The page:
My parents style of parenting (well I’m not sure what parenting my father did, he was mainly the “wait until your father gets home” back up. A role he seemed to have no trouble fulfilling) What goes on in the mind of a man who can come home from work and take to his children with a leather belt on the instructions of his wife? What goes on in the head of a women who believes it’s ok to belt her children with the cord of the electric jug?

My mother controlled everything we did, even down to the children we could be friends with. There was a lot of deprivation of things that were normal in our schoolmates lives (admittedly some I can see the sense of as an adult) but there was no attempt at compensation.

The family home was a frightening, threatening environment. I was sick off and on for a large part of my childhood. I was highly sensitive and not allowed to make decisions for my self. I had no control over my own person as everything was controlled to “stop me from getting sick” – again. Add to this, the message that “being sensitive” made me weak. I had a lack of control and autonomy and grew up in virtual social isolation. No children were deemed suitable by my parents for me to be friends with.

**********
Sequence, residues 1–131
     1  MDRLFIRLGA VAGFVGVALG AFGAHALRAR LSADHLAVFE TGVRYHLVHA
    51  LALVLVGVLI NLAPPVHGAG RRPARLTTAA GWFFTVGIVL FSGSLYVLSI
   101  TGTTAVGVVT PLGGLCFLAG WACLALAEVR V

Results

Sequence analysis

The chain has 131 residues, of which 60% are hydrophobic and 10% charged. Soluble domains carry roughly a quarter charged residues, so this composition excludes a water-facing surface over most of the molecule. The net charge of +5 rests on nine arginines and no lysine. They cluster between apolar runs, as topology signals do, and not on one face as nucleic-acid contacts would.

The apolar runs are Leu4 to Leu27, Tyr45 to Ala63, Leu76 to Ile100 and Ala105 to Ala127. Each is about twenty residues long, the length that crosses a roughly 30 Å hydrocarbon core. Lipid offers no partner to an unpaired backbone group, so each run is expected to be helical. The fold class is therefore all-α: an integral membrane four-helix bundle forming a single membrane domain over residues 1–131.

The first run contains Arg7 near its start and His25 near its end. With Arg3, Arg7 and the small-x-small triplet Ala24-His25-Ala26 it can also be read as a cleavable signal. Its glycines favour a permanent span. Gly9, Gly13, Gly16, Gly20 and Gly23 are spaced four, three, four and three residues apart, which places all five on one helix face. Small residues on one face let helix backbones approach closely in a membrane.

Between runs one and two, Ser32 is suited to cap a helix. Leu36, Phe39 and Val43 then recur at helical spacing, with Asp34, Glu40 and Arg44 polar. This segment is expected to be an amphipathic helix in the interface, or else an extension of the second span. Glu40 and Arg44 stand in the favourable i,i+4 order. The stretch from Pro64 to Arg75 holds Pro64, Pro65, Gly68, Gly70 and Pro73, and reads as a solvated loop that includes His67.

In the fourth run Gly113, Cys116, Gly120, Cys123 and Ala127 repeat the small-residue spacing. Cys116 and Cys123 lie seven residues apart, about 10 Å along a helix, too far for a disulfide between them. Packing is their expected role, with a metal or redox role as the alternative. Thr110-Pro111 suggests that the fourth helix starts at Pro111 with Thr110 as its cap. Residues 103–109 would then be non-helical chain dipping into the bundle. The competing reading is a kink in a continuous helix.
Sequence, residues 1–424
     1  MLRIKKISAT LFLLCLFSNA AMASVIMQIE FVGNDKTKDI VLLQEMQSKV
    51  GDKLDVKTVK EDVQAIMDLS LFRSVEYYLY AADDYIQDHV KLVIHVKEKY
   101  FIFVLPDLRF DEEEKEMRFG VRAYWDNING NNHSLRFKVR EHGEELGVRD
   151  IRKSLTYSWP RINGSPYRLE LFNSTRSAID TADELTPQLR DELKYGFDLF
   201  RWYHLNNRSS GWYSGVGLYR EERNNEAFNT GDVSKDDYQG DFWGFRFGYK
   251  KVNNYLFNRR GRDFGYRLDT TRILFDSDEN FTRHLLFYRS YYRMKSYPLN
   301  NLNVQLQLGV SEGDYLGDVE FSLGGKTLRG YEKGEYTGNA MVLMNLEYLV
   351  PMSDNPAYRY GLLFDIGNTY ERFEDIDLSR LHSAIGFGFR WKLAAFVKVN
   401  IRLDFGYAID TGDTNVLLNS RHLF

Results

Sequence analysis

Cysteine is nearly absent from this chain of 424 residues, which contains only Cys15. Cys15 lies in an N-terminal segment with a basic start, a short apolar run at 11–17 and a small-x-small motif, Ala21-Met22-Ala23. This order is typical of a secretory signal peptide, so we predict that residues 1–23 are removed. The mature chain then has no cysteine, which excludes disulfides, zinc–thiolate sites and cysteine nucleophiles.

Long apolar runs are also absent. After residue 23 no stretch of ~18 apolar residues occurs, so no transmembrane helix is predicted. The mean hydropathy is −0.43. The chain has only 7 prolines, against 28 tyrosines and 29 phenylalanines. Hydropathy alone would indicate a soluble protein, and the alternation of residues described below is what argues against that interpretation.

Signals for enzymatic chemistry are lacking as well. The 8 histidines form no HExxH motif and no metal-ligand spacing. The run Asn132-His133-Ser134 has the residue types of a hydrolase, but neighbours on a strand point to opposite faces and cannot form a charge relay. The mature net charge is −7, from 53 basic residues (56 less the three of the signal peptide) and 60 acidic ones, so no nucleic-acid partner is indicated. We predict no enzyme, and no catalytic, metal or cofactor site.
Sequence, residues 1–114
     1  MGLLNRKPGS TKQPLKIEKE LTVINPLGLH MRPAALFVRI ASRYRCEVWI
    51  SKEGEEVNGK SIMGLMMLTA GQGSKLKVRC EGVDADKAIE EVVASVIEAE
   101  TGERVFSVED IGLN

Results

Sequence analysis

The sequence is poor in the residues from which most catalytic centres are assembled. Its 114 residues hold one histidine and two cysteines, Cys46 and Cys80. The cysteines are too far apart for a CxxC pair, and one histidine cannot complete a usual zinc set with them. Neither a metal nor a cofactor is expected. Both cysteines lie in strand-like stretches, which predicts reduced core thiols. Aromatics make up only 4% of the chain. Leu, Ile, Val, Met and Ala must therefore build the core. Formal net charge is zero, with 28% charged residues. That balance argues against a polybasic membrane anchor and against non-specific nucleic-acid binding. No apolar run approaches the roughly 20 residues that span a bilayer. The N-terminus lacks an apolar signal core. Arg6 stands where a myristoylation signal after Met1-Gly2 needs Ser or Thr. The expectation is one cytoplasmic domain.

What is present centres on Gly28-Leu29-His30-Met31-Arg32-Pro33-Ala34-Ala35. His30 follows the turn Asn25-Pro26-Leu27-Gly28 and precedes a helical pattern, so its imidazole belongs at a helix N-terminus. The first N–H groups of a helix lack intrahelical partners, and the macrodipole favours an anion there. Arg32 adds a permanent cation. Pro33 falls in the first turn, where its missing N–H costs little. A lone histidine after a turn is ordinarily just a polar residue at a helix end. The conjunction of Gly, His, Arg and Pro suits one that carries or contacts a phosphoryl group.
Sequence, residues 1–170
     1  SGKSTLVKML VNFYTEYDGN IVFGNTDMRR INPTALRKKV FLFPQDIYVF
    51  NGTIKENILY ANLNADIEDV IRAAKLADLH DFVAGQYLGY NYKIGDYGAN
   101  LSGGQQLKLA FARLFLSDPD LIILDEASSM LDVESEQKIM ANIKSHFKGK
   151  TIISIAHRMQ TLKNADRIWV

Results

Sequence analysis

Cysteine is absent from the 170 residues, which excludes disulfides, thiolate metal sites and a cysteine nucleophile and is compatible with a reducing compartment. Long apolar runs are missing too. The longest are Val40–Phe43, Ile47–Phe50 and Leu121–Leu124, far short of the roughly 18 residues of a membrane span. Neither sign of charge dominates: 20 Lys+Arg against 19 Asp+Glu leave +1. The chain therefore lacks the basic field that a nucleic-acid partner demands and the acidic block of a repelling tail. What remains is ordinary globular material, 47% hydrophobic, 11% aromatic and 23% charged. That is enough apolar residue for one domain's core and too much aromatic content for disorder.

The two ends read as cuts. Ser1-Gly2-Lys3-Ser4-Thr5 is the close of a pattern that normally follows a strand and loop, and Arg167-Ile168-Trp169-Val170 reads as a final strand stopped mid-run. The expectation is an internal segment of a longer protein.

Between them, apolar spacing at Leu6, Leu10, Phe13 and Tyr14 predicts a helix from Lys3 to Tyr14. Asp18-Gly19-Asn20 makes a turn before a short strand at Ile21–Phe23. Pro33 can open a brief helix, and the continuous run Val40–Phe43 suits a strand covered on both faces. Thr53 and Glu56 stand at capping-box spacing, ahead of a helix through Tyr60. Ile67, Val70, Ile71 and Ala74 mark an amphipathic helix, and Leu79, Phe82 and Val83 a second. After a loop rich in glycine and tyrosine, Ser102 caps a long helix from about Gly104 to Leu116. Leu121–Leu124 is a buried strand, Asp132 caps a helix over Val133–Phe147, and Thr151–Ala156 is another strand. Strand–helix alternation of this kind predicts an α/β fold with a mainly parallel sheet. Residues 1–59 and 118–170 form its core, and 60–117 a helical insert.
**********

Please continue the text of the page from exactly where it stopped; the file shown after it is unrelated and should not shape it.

Child Trapped in Box - Child Abuse - Isolation

All of this made my childhood a very frightening place. I grew up not trusting my own feelings and lacking the ability to distinguish my feeings from others or any ability to process anything emotionally complex.

As a 7 year old I topped the state in piano exams before taking up the violin. I topped my grades at school. I was one of only 2 students from my primary school that were streamed into the advanced class in high school. As a result I was like a hot house flower. By grade 9 I had all but dropped out. I managed to get through the whole year without acquiring any books and the next 3 years in a similar style.

I didn’t think I was smart. I didn’t think I was deserving of love. I felt actually, that I was hugely defective because I felt everything “too” intensely. This feeling was clearly reinforced with every confusing social interaction.